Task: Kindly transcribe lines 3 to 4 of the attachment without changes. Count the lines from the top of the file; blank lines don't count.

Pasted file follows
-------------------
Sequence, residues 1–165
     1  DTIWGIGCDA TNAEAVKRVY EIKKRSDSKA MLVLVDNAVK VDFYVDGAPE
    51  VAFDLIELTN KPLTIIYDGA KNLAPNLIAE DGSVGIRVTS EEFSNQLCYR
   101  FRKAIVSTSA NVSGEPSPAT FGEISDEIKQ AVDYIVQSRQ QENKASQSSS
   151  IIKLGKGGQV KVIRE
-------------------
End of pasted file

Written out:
    51  VAFDLIELTN KPLTIIYDGA KNLAPNLIAE DGSVGIRVTS EEFSNQLCYR
   101  FRKAIVSTSA NVSGEPSPAT FGEISDEIKQ AVDYIVQSRQ QENKASQSSS